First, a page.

From what I understand, "yakkha" and "amanussa" may also describe human beings with certain non-human qualities. In this case, these qualities would be quite alarming, possibly refering to those most evil among us. Consider how we migh call an evil person a "demon" or "inhuman", a title usually reserved for the most vile of humans, such as those who take great pleasure in causing pain and destruction, cannibals, head hunters, serial rapists, world-dominating mad scientists, etc. These evil yakkhas then would function as the ring leaders of the less self-controlled psychotic amanussa. You see this trope in popular media and story telling everywhere, such as when the bad guys take control of society with an army of baddies.

  • What school[s] of Buddhism, or text, explains that "yakkha" may also describe human beings?
    – ChrisW
    Apr 6, 2020 at 20:30
  • 1
    See the entry from Buddhist Dictionary of Pali Proper Names by G P Malalasekera: palidictionary.appspot.com/browse/y/yakkha
    – M-2
    Apr 6, 2020 at 20:39

This properly belongs under your comment above. Or you could ask a separate question and give this answer.

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In the early records, yakkha as an appellative is, like nāga, anything but depreciative. Not only is Sakka so called (M. i, 252), http://buddhadust.net/dhamma-vinaya/pali/mn/mn.037.pali.bd.htm#pg252 but the Buddha himself is so referred to, in poetic diction (M. i, 386).

http://buddhadust.net/dhamma-vinaya/pali/mn/mn.056.pali.bd.htm#pg386 We have seen Kakudha, son of the gods, so addressed (II, 2, § 8); http://buddhadust.net/dhamma-vinaya/pts/sn/01_sagv/sn01.02.011-020.rhyc.pts.htm#sn.1.2.18 and in D. ii, 170 (Dialogues, ii, 200), http://buddhadust.net/dhamma-vinaya/pts/dn/dn.17.rhyt.pts.htm#pg200 the city of the gods, Ālakamandā, is described as 'crowded with Yakkhas' ('gods'). They have a deva's supernormal powers, and are capable of putting very pertinent problems in metaphysic and ethics. But they were decadent divinities, degraded in the later era, when the stories to the Jātaka verses were set down, to the status of red-eyed cannibal ogres. Cf. the older and newer view together in Pss. of the Brethren, p. 245. http://buddhadust.net/dhamma-vinaya/pts/kd/thag/thag.232.rhyc.pts.htm

PED: Name of certain non-human beings, as spirits, ogres, dryads, ghosts, spooks. Their usual epithet and category of being is amanussa, i.e. not a human being (but not a sublime god either); a being half deified and of great power as regards influencing people (partly helping , partly hurting). They range in appearance immediately above the Petas (ghosts) ... They correspond to our "genii" or fairies of the fairy-tales and show all their qualities ... Historically they are remnants of an ancient demonology and of considerable folkloristic interest, and in them old animistic beliefs are incorporated and as they represent creatures of the wilds and forests, some of them based on ethnological features.)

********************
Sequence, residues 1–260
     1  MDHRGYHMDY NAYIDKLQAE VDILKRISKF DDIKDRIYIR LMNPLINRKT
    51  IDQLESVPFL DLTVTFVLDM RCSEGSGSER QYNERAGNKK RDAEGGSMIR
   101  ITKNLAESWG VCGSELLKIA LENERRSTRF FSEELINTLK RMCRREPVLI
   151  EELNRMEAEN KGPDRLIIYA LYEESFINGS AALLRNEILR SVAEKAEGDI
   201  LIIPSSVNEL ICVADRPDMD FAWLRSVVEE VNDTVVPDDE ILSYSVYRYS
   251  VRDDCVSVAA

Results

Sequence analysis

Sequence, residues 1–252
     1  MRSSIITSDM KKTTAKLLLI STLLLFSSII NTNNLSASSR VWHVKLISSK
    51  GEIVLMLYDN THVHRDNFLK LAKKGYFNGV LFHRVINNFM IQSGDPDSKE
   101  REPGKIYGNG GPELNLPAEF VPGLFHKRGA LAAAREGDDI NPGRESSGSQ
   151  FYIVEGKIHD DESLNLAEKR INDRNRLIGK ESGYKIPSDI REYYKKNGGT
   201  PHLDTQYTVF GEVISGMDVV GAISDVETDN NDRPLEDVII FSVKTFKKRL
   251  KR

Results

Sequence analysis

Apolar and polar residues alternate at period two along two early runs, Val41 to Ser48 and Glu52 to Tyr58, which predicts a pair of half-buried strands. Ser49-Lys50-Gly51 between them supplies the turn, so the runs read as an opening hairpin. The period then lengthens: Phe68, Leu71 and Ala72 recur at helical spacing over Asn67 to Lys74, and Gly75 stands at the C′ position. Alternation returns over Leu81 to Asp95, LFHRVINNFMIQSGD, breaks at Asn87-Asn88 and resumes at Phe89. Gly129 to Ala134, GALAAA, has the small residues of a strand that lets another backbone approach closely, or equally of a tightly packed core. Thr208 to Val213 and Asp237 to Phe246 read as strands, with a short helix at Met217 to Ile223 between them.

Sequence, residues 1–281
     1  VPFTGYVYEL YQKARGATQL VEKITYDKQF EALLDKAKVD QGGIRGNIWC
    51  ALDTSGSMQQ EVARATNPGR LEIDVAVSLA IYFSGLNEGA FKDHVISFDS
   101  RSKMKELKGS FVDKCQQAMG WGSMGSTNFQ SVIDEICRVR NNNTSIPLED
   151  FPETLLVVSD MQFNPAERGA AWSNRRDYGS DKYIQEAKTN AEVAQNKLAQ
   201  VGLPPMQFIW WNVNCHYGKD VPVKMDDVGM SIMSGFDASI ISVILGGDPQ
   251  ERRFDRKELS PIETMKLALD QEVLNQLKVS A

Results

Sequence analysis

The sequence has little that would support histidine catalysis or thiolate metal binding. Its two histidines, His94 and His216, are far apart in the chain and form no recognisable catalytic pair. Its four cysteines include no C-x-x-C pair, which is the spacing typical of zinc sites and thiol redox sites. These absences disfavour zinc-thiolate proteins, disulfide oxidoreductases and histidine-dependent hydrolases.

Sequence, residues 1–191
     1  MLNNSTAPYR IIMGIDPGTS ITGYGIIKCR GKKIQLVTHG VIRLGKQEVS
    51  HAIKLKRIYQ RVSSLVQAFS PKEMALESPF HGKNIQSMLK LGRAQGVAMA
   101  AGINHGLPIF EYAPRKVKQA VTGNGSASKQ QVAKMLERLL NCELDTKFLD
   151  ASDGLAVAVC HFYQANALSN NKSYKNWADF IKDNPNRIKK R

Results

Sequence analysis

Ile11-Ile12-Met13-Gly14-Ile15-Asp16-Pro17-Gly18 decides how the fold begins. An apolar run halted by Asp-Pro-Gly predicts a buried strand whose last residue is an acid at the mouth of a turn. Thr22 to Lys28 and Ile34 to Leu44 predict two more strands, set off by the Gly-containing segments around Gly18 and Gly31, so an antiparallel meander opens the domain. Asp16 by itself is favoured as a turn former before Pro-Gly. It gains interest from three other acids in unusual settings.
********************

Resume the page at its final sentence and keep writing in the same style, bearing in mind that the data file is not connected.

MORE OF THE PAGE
The Arab singular (whence the French "génie"); fem. Jinniyah; the Div and Rakshah of old Guebre-land and the "Rakshasa,' or "Yaksha," of Hinduism. It would be interesting to trace the evident connection, by no means "accidental," of "Jinn" with the "Genius" who came to the Romans through the Asiatic Etruscans, and whose name I cannot derive from "gignomai" or "genitus." He was unknown to the Greeks, who has the Daimon, a family which separated, like the Jinn and the Genius, into two categories, the good (Agatho-dæmons) and the bad (Kako-dæmons). We know nothing concerning the status of the Jinn amongst the pre-Moslemitic or pagan Arabs: the Moslems made him a supernatural anthropoid being, created of subtile fire (Koran, chapts. xv. 27; lv.14), not of earth like man, propagating his kind, ruled by mighty kings, the last being Ján bin Ján, missionarised by Prophets and subject to death and Judgment. From the same root are "Junún" = madness (i.e., possession or obsession by the Jinn) and "Majnún" = madman. According to R. Jeremiah bin Eliazar in Psalm xli. 5, Adam was excommunicated for one hundred and thirty years, during which he begat children in his own image (Gen. v. 3) and these were Mazikeen or Shedeem - Jinns. — The Book of the Thousand Nights and a Night, Volume 1, pg 10, translated by Richard F. Burton, Printed by The Burton Club for Private Subscribers only, 1885. Image from same source.

See also SN 1.10.1, n.1